Social Sundays: Actionable Tips and Resources for World War II


The next unit in our U.S. history curriculum is World War II, which I have written about  many times. It is weirdly one of my favorite periods to teach.  So, as I sat down to write this post, I thought what could I tell you that is new.  I've written about books for World War II, student-centered projects, using maps, and more.  There are so many great parts for World War II that I often choose from a long list of activities, role plays and more.  

I think perhaps one of the most valuable lessons I do is a one day touch on the experience of foreign-born citizens in the United States during the war.  The study focuses primarily on the experience of Japanese-Americans but also  Italian-Americans.  



Part 1: Primary source analysis - Executive Order 9066
I launch this lesson with no background information.  Executive Order 9066, from President Franklin D. Roosevelt, is distributed to the students.  Students work in groups of 2-3 to summarize each paragraph in 1-2 sentences.  The purpose is to create a quick summary of the document.  I have groups share with each other, analyze and debate until each larger group has formulated a 1 paragraph summary of the Executive Order.  These are posted on the wall as a reference.

Part 2: The National Identity Card and Loyalty Questionnaire
I explain that as of this moment every student will be subject to Executive Order 9066 for the remaining of class.  Half the class fills out their loyalty questionnaires while the others complete and are photographed for National Identity Cards.  I have one of those sticky polaroid cameras that make quick sticker photos of each student that can be attached to their national identity card.  Alternatively, students can just draw a head shot of someone (even if it is a stick figure).  It is important, I tell the students, that they do not lose their National Identity Card.  

This activity can be difficult for my students who may be here illegally or who are foreign-born.  I have spent many months previous to this making sure that students feel safe.  Furthermore, every student is permitted to create any identity they want.  They can be young or old, any religion, any nationality, etc.  I encourage to create a "persona" rather than just put themselves on their but it is up to them.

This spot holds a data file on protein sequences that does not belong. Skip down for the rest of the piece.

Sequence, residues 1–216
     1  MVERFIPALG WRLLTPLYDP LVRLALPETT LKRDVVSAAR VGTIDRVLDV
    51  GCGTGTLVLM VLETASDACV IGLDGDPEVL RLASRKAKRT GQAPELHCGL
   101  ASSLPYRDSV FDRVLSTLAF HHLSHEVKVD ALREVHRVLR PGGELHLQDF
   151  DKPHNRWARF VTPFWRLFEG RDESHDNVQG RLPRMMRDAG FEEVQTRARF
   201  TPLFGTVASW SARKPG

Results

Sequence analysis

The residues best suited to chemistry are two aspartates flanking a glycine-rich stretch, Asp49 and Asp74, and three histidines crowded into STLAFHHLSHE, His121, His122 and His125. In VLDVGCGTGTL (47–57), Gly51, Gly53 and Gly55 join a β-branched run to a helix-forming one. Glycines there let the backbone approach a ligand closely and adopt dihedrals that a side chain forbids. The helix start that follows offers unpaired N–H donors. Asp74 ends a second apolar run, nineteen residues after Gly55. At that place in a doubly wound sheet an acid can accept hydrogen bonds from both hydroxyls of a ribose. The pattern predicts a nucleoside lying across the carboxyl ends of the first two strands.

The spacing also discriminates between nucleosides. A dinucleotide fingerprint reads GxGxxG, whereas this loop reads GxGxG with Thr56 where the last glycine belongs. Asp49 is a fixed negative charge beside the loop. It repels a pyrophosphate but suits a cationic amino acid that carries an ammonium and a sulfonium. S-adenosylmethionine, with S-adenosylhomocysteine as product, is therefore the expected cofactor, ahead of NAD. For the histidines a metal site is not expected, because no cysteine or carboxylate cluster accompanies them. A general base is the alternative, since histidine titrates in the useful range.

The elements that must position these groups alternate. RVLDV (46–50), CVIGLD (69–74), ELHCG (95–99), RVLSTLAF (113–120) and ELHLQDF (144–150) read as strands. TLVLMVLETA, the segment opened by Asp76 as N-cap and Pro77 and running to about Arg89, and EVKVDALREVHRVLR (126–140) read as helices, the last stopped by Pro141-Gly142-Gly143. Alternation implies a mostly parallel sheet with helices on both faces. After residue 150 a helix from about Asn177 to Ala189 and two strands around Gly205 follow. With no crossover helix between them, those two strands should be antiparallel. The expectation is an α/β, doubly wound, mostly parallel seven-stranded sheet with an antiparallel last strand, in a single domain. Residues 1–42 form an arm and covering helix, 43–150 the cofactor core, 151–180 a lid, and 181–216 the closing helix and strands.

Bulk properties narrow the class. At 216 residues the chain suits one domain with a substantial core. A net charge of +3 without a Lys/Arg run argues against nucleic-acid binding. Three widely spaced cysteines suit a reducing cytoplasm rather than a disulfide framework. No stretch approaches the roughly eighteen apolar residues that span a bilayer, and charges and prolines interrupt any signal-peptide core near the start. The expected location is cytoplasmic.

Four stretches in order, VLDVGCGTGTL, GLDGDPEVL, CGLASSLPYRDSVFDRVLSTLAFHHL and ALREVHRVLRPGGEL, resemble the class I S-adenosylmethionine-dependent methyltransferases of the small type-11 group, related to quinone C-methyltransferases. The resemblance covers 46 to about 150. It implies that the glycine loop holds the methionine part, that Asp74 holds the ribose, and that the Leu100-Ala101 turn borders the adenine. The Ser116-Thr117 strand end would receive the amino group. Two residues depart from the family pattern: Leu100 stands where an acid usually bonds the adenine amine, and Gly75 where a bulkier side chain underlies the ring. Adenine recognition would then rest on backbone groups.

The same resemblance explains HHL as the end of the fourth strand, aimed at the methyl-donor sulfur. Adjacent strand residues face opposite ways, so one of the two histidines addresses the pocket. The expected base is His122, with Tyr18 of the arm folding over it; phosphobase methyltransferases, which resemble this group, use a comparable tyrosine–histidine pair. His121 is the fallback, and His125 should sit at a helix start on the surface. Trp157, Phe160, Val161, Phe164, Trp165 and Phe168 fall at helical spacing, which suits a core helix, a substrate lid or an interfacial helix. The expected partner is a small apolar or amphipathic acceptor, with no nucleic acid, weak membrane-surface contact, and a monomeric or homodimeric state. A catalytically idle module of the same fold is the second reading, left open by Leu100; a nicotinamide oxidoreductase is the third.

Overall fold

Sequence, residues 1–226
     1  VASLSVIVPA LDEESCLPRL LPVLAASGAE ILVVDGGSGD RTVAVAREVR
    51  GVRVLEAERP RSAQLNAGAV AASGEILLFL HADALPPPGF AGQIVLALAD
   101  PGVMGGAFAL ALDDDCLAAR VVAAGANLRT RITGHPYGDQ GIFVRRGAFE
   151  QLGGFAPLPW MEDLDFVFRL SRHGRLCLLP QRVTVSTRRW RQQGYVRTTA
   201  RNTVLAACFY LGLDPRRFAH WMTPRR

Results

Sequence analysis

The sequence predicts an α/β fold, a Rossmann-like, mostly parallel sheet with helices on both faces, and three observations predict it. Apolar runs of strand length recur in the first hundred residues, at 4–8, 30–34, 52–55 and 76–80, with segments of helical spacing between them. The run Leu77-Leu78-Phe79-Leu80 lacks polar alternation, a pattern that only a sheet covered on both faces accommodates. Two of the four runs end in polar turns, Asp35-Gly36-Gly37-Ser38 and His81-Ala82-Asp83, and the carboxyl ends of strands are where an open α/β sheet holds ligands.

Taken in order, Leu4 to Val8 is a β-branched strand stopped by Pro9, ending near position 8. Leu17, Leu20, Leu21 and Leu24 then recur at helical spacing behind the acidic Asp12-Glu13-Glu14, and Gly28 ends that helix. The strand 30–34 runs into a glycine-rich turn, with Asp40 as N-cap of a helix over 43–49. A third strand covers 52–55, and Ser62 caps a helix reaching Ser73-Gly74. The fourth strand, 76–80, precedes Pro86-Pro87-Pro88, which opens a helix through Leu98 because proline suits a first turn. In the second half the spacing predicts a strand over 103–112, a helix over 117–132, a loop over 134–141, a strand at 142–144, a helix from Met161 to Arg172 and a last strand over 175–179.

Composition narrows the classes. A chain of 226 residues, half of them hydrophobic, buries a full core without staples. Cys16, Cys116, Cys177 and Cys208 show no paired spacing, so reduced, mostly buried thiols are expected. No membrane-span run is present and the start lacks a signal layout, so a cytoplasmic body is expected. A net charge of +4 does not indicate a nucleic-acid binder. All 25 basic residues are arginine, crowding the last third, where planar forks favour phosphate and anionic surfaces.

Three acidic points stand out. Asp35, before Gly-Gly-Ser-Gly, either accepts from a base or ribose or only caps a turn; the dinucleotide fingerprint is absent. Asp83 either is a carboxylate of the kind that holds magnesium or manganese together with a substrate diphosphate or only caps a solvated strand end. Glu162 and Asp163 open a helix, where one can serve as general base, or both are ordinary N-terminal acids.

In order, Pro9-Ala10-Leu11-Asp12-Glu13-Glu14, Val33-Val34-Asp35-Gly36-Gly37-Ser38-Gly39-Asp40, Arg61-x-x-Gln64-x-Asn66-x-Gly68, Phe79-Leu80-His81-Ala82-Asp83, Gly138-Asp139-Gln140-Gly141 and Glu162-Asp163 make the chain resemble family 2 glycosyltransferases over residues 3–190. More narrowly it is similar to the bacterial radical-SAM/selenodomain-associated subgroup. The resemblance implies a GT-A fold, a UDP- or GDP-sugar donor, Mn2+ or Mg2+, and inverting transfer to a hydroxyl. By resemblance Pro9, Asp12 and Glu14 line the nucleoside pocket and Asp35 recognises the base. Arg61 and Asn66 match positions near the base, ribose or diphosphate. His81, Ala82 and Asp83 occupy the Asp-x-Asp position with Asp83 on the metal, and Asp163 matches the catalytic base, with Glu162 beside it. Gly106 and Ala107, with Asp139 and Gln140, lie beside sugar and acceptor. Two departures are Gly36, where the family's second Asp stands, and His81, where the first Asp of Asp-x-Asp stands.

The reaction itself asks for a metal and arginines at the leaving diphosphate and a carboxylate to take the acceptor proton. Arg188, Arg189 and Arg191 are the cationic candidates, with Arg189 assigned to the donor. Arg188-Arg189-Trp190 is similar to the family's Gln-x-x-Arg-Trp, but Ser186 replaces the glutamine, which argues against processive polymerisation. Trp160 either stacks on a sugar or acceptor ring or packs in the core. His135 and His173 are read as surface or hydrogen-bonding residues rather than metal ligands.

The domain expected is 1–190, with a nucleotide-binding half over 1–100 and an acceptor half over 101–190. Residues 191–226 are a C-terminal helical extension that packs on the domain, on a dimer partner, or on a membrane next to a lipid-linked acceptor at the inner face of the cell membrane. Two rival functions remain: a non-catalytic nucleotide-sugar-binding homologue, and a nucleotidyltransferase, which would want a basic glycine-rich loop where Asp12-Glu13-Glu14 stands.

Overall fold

Prepared with the national identity card and loyalty questionnaire, students are prepped for thinking about what it is like to be an American and enemy of the state at the same time.

Part 3: The experience of the foreign-born in World War II
Activities are divided into stations.  There are 3 different activities that I typically set up at 6 stations so that none of the stations are too crowded.  The stations include two focused on the Japanese-American experience and one on the Italian-American experience.  I like to give students choice, but if we have time I ask students to complete all 3 stations because this is an important part of our history.  

Part 4: Thoughtful discussion and modern connections
The reality is that the United States has a long history of hostility towards foreign-born despite touting ourselves as a melting pot.  This dichotomy in past and present actions tends to be a delicate but important point of discussion for students.  Our discussion focuses on what they learned about, what they were surprised about and examples of modern connections. 

My full World War II unit picks and choose from the following (depending on the time we have and the makeup of my classroom).

 - Codes and Cryptology
Maps and Military: changing of alliances, radar, and attacks on the U.S. 
Propaganda and Political Cartoons: The role of the media throughout the Allied and Axis powers (
Life on the home front 
World War II: Unit Project
World War II: Pacific Theater
World War II: Home Front Activities
World War II: Interactive Notebook Timeline Activity
World War II: Propaganda and Political Cartoons
World War II: Morse code, code talkers and cryptology
World War II: Illustrated Timeline
World War II: Related to Maps and Map Activities
World War II Interactive Notebook Pages




Social Sundays is a bi-weekly post sharing tips, ideas, resources, and products for teaching social studies.  If you have questions or think there is something I should share, you can leave me a message in the comments below or at the store in the question and answer section.

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